Starship Troopers

Robert A. Heinlein

Citizenship is an attitude, a state of mind, an emotional conviction that the whole is greater than the part...and that the part should be humbly proud to sacrifice itself that the whole may live.

Military sci-fi usually draws a pretty specific type of reader. People who are interested in equipment specs, detailed explanations of how warp drives and spaceships work. Starship Troopers has enough military flair to satisfy these readers, but there's also the traditional Robert A. Heinlein sense of morals woven into the characters. We repeatedly hear about the importance of individuals contributing to their societal good, taken to it's futuristic extreme as only veterans are allowed the title of "citizen".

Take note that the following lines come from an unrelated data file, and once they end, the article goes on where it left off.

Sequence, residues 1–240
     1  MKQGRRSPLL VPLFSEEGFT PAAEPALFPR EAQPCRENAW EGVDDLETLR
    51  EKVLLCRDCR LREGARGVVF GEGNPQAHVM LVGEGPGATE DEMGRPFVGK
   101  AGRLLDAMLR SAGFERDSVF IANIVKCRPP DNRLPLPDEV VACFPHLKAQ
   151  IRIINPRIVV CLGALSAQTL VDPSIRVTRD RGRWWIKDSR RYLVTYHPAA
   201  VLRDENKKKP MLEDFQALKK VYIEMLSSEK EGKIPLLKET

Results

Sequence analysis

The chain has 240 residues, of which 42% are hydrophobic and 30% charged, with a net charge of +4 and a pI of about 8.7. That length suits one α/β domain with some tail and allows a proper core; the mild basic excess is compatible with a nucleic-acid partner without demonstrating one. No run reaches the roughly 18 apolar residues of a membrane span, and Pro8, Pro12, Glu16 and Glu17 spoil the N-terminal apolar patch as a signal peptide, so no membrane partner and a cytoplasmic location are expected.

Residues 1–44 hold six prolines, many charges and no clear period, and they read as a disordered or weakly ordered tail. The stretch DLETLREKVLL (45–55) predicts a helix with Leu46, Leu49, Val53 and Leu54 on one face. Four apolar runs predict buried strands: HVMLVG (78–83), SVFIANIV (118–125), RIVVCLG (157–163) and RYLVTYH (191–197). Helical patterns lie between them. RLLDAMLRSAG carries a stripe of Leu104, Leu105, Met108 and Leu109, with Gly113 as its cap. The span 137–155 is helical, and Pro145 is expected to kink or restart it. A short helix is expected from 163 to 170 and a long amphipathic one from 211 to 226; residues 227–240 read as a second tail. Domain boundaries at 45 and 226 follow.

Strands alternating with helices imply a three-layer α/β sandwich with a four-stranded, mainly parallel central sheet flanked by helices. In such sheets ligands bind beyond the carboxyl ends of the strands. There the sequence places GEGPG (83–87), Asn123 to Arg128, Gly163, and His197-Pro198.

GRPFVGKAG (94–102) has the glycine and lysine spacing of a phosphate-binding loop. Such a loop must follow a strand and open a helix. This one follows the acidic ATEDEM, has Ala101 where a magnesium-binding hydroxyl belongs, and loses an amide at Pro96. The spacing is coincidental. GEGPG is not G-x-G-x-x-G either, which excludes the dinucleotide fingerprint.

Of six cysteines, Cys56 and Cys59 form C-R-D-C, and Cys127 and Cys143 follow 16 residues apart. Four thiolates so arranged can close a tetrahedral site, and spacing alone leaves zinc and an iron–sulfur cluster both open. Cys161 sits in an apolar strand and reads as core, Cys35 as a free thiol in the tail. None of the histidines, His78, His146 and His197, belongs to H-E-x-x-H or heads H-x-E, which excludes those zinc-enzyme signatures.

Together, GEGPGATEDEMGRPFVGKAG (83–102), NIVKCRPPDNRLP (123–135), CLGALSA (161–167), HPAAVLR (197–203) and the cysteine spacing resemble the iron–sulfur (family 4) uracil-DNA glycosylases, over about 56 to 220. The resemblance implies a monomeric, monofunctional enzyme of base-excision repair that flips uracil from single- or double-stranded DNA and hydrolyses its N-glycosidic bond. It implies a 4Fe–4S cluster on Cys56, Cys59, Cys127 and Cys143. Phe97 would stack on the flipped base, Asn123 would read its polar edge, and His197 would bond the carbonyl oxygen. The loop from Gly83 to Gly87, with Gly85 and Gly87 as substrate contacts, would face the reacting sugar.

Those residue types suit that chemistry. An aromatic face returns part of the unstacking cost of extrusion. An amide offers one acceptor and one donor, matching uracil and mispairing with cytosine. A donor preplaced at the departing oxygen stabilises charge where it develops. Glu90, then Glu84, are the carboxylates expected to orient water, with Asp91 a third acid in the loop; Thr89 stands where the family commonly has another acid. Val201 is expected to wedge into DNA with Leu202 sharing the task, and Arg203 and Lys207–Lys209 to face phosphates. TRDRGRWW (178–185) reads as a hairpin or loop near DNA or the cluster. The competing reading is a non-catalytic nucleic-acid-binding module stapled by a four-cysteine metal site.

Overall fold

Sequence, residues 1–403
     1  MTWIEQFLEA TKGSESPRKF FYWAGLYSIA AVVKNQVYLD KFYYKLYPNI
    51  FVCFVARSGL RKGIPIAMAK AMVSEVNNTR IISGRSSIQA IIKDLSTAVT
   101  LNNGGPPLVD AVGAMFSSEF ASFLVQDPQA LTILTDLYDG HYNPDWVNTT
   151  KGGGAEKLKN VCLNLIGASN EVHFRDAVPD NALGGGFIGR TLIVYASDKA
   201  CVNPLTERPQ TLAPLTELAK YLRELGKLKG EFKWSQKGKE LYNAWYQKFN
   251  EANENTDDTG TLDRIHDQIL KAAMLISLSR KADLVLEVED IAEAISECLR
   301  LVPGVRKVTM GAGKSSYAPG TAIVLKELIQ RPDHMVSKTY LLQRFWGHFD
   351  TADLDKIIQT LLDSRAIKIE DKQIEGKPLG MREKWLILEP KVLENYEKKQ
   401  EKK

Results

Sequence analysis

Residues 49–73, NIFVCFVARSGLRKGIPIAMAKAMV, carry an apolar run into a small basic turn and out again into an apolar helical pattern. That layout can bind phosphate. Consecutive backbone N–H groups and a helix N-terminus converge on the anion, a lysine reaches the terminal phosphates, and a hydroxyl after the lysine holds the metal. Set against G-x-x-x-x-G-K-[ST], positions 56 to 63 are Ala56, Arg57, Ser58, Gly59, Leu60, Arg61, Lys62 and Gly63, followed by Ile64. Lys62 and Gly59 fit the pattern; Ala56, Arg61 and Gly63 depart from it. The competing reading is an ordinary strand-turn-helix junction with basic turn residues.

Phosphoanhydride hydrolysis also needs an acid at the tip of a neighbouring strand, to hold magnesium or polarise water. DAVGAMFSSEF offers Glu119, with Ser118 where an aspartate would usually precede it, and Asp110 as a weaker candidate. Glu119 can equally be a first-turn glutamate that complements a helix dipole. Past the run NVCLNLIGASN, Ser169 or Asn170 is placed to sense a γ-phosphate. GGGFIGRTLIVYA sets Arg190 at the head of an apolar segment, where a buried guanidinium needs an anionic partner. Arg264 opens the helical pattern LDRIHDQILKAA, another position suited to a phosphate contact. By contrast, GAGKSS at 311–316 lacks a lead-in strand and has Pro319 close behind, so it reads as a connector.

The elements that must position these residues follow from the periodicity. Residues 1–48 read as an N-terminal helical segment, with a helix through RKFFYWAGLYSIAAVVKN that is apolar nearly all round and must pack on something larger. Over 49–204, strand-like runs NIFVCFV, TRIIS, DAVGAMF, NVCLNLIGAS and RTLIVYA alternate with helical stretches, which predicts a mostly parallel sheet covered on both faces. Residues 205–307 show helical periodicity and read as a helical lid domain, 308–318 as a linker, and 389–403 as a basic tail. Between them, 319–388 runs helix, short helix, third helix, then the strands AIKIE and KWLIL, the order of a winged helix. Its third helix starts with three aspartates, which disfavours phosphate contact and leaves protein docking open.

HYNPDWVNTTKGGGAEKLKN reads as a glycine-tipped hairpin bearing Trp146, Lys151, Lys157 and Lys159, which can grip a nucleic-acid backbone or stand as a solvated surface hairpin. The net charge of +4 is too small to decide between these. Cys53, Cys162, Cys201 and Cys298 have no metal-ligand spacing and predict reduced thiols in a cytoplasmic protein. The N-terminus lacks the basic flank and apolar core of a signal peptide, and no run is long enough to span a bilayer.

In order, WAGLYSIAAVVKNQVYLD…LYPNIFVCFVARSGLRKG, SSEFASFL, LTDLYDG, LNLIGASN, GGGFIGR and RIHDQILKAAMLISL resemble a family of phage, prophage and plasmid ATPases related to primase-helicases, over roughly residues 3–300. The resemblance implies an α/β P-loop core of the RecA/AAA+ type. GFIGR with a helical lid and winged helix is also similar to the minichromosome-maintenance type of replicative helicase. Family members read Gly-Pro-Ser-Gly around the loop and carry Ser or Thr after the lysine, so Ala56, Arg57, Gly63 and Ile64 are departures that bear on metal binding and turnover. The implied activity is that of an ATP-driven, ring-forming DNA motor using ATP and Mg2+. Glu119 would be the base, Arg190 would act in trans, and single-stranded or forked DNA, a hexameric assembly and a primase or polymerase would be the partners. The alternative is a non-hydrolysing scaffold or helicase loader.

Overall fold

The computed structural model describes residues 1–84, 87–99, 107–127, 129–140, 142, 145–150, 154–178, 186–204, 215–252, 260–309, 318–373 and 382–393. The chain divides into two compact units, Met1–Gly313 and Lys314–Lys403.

I found the characters compelling and the story believable. More than reading a tale of science fiction, it felt more like I was gaining insight into a soldier's brain that just happened to be in the future. There are a number of chilling elements such as the flippant way the cap troopers drop bombs and fire onto their enemies. One of the more interesting literary aspects is how much more interesting the character scenes are than any of the actual battles depicted.

A couple elements had me shaking my head, but overall this was a very tight-knit piece of commentary disguised as military sci-fi. A subversive tale similar to Stranger In A Strange Land, on the short list for any sci-fi fan.


264 pages
Published 1987
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